With Kerala theatres unlikely to reopen during the festive season, for the second year running, OTTplay takes a look at the impact it will have on the Malayalam film industry
Last Updated: 03.20 PM, Aug 12, 2021
The reopening of Kerala theatres earlier this year provided a ray of hope for many film exhibitors, who had been waiting for almost 10 months to throw open the doors of cinema halls for the audience. The theatrical release announcements of big films such as Mohanlal’s Marakkar: Arabikadalinte Simham, Fahadh Faasil’s Malik and Nivin Pauly’s Thuramukham – all of which were set to hit cinema halls on Eid on May 13 – gave these hopes a shot in the arm, but it was short-lived due to the second wave of the pandemic. With positive COVID-19 cases crossing 23,000 on Wednesday, it is likely that theatres in Kerala would remain shut during this year’s Onam too. But what does that mean for the Malayalam film industry?
Traditionally, producers, distributors and film exhibitors ensure that several big Malayalam films are lined up to release in theatres during the Onam season. Producer and theatre owner Visakh Subramaniam, who had planned to release Vineeth Sreenivasan’s Hridayam last Onam, tells us, “It’s also the time when you have 100% occupancy; it starts from the evening of Thiruvonam day till the Onam holidays end. Even an average film will command a decent collection during Onam. So, it is a great time for producers, distributors and exhibitors because after the Onam season, October and November are usually dull and business picks up only in December.”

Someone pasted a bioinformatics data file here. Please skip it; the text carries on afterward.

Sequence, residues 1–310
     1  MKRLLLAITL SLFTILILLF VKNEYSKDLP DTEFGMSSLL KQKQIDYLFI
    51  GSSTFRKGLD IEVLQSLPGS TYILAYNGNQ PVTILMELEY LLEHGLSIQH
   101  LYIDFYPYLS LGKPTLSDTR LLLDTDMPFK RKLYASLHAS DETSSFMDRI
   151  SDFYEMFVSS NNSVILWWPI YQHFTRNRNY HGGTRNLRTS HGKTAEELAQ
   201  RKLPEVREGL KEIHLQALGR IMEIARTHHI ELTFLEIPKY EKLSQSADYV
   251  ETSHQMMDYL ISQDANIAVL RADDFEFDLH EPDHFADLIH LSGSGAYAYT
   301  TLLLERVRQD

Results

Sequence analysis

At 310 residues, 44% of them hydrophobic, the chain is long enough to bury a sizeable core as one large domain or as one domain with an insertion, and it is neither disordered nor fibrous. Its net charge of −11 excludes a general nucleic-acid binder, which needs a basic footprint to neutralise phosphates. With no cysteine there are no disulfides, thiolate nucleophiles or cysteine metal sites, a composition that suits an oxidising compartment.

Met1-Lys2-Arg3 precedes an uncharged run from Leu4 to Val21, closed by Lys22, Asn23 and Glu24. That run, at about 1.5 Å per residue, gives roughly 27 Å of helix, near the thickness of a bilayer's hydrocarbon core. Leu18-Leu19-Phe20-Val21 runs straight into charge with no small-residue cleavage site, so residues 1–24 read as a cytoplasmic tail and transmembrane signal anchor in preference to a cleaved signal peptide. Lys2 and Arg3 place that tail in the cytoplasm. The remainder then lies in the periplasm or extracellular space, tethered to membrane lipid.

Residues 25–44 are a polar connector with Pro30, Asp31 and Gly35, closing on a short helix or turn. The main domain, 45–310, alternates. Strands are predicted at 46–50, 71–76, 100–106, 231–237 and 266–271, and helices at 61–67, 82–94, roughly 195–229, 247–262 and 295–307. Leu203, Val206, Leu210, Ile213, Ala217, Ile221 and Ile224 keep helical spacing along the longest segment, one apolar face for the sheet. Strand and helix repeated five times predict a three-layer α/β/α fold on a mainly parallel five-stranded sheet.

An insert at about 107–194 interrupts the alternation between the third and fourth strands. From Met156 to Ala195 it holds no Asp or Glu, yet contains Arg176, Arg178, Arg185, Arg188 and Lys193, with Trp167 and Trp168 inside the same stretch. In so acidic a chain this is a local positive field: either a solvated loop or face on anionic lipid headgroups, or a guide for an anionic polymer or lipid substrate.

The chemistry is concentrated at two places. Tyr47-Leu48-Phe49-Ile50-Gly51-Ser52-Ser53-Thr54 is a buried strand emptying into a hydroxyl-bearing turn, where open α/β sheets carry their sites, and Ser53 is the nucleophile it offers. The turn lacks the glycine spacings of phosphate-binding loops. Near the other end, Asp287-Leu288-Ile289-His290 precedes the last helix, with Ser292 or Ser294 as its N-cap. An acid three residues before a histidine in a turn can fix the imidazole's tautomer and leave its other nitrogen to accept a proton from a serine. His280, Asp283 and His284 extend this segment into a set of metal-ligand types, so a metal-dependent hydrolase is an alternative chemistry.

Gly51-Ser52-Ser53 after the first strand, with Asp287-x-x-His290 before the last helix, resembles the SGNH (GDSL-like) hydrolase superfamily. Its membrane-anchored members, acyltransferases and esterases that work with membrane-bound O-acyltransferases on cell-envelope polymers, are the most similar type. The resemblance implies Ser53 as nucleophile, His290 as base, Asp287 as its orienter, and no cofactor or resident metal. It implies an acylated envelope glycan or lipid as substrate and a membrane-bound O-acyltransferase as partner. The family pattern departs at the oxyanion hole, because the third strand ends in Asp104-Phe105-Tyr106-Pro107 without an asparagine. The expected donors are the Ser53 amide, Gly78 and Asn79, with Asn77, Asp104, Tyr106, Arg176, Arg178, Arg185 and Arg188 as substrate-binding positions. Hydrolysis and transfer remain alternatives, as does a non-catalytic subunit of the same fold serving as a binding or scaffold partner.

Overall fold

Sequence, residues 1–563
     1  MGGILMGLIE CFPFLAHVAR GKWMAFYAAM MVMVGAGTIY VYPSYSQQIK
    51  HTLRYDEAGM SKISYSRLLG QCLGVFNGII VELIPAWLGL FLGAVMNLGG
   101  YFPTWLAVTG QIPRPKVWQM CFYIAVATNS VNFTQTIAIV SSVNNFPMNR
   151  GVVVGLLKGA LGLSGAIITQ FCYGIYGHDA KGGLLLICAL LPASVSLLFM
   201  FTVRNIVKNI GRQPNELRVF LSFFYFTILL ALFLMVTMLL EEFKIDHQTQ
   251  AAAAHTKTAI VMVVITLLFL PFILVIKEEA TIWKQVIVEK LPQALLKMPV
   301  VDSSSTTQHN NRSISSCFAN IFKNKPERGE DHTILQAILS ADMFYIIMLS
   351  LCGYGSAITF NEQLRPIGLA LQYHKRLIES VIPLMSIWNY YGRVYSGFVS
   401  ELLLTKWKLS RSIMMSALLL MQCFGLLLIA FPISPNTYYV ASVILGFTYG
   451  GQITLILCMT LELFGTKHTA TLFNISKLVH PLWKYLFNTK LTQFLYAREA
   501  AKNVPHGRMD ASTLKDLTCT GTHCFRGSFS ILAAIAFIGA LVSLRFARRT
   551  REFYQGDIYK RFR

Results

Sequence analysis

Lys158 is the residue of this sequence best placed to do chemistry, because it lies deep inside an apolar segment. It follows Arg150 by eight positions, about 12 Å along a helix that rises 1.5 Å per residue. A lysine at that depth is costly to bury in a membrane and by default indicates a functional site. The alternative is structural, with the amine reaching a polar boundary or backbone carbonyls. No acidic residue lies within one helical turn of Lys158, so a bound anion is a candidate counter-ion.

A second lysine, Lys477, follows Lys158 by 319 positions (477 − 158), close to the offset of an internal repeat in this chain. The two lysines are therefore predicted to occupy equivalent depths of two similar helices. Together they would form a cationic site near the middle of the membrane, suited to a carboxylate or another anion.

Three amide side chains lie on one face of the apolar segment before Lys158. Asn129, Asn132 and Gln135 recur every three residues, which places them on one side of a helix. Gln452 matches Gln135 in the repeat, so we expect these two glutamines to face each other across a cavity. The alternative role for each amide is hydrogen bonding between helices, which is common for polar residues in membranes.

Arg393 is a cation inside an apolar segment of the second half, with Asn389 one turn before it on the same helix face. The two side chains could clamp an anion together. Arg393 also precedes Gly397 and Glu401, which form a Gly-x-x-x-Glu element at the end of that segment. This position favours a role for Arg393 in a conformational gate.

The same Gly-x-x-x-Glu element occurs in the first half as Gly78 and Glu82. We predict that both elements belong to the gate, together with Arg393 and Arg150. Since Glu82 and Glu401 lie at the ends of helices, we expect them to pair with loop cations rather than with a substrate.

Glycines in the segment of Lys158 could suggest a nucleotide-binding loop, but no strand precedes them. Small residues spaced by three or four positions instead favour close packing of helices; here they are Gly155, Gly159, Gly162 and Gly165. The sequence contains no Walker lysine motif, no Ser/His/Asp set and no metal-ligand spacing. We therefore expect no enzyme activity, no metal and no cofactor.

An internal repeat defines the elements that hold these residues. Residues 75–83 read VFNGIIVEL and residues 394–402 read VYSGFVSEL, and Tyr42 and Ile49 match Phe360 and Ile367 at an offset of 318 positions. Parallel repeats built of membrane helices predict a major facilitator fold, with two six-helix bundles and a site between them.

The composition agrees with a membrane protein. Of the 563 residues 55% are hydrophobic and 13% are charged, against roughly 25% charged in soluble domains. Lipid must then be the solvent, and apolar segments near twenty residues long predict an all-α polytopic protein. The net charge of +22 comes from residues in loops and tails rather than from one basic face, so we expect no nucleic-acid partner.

‘About 20,000 workers in the sector will be adversely affected’
With cinema halls in Kerala now being shut since April, the losses sustained by the theatre owners have come as a huge blow to Mollywood. “It’s as if the last hope for the industry is being snuffed out,” says producer, distributor and filmmaker B Unnikrishnan, whose Mohanlal-starrer Aaraattu was initially set for an Onam release this year. “About 70 per cent of the exhibitors, who are being pressured by the banks to pay off loans they took to renovate or run the theatres, are going through turbulent times. Without Onam releases, it just becomes tougher for about 20,000 workers involved in the sector.”
Concurring with Unnikrishnan, Kerala Film Producers Association official G Suresh Kumar tells us, “There’s still uncertainty on when theatres would reopen. For all sectors including MSME, the government has announced moratorium on loans but there have been no such relief measures for the entertainment industry in the State.”
MC Bobby, from Film Exhibitors United Organisation of Kerala, echoes the same sentiment as he says “the wheels of the industry are hardly turning”. “Though the government is not collecting entertainment tax and GST, they still want us to pay tax to the Film Development Corporation, the Chalachitra Academy, the building taxes and electricity charges. We have shut theatres because the government has instructed us to but they are hardly doing us any favours by asking us to pay when we don’t have revenue,” he says.